6 pounds, 2 ounces, so just a teeny little thing—and cute as a button! And just one day shy of being born on his brother's half birthday!

We can't wait to meet him!

My time at the hospital today was a little less thrilling. I joined my mom in Ogden to visit with her best cousins/friends growing up: Marie and Margaret. Marie is here from Ohio because Margaret is dying, rather quickly.

Alexander at 18 months (part II)

We're slowly checking off our "final things" in Utah and Friday was another one: Alexander's last well-child check. I made a mental note to ask for his updated immunization record so that I could have it handy when we find a new doctor in Georgia. I forgot the development questionnaire on my desk. But one can't be expect to remember everything, right? So we went over those questions orally at the doctor's office instead.

Things like, "When your child wants something, does he tell you by pointing to it?" Yes.

"When you ask [him] to, does your child go into another room to find a familiar toy our object?" Yes.

"Does your child imitate a two-word sentence?" No.

And, frankly, if he's like Zoë he very well may never directly imitate speech. When we first moved out here, cousin Riley was such a little parrot and would repeat anything you asked him to, but if you asked Zoë to repeat something she would give an icy stare and say, "No."

And then she'd say whatever was on her mind.

I don't think (fingers crossed) that Alexander is quite as stubborn.

He will parrot anything Benjamin says, for example, but only single words so far. He will also repeat anything that sounds remotely exciting. For example, we went for a drive today and the kids saw cows out their window and Alexander was chanting "Cow! Cow! Cow!" right along with them because, as we all know, seeing cows out your window is one of the top ten exciting things on a car ride.

Of course, Alexander has a bit of a "fronting" issue (which we're absolutely not worried about at this point since he's only 18 months old), so he was yelling, "Tow! Tow! Tow!" as he pointed out his window.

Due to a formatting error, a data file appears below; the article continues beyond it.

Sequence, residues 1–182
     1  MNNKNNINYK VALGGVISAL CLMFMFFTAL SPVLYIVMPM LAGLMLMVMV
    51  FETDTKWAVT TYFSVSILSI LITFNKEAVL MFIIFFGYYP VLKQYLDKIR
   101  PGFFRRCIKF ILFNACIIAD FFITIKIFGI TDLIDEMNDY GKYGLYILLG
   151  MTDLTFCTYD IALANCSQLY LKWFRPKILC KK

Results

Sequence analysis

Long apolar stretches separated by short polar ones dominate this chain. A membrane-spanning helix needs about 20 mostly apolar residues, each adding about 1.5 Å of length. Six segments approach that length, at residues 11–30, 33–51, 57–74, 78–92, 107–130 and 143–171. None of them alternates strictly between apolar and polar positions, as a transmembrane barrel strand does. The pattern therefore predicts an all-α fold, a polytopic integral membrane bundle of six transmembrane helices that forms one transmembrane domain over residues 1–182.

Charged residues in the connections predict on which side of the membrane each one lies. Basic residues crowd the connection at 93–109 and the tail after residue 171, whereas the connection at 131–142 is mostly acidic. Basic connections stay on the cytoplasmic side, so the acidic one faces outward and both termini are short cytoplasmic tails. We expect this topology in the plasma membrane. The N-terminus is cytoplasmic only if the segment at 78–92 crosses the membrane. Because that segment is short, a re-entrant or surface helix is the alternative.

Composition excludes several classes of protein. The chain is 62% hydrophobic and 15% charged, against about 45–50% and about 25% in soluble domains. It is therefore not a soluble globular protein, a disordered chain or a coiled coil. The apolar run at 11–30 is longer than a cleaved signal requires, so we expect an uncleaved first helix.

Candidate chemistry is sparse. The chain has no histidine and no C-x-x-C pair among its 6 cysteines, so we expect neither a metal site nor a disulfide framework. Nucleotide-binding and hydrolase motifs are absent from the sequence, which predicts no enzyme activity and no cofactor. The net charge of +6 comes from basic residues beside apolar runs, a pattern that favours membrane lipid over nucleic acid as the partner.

Thursday, April 25, 2019

Popular like me

Miriam came home from school absolutely crushed due to some friend problems at school (which are now "fixed" because her friend said she was only "joking" and I honestly don't understand how some people can be so cruel, but Miriam is a very forgiving person and is willing to go back to how things were, which I might take issue with (forgive, yes, but have an honest dialogue about how incredibly hurtful the behaviour was) but we're moving in a few weeks so I don't have to worry about this behaviour turning into an abusive pattern in their friendship).

So Benjamin asks, "Why don't you just be popular?"

Calling on her knowledge of internet memes, our Meme retorted, "It's not that easy, Ben! One does not simply be popular."

"It's pretty easy for me," Benjamin said. "I'm the most popular kid in my class!"

"You are not," Miriam sniffed.

"I am!" he insisted. "I'm the most popular for being off-task by reading when I should be listening."

"That's...not...what popular means," Miriam said, suddenly starting to cheer up.

By this measure, Benjamin is rather popular in our house as well...

Sticks and carrots

Alexander calls Andrew "Daddy," which, as a multisyllabic word, is a rather high honour considering nine short long (very long, very exhausting) months ago Alexander decided he didn't like anyone but Mommy. He now will (sometimes) choose to go to Andrew and will allow him to do things like change his diaper and get him ready for bed (without screaming through the entire process).

Thinking about how nice it is to be able to pass Alexander off sometimes almost makes me choke up, which means the last several months of being The Most Loved Person in Alexander's world hasn't been entirely easy.

He's still incredibly clingy and hardly lets me get anything done with his constant desire to be held. But, I think we'll make it through this season of life.

My current worry is how we're going to get Benjamin through his phase. It's a doozy.

Whenever he gets caught doing anything naughty he just shrugs and says, "I was tempted," a classic the-devil-made-me-do-it-move. The problem is that he is tempted a lot and I just can't keep my cool through all of it.

Today he was wild after school, as he usually is, and he ended up spilling pretzels all over the kitchen. And I mean all over the kitchen. So just imagine the few pretzels you're imagining because you're sure I'm over-exaggerating, and then multiply that several times and spread it all over the kitchen and there you'll have it.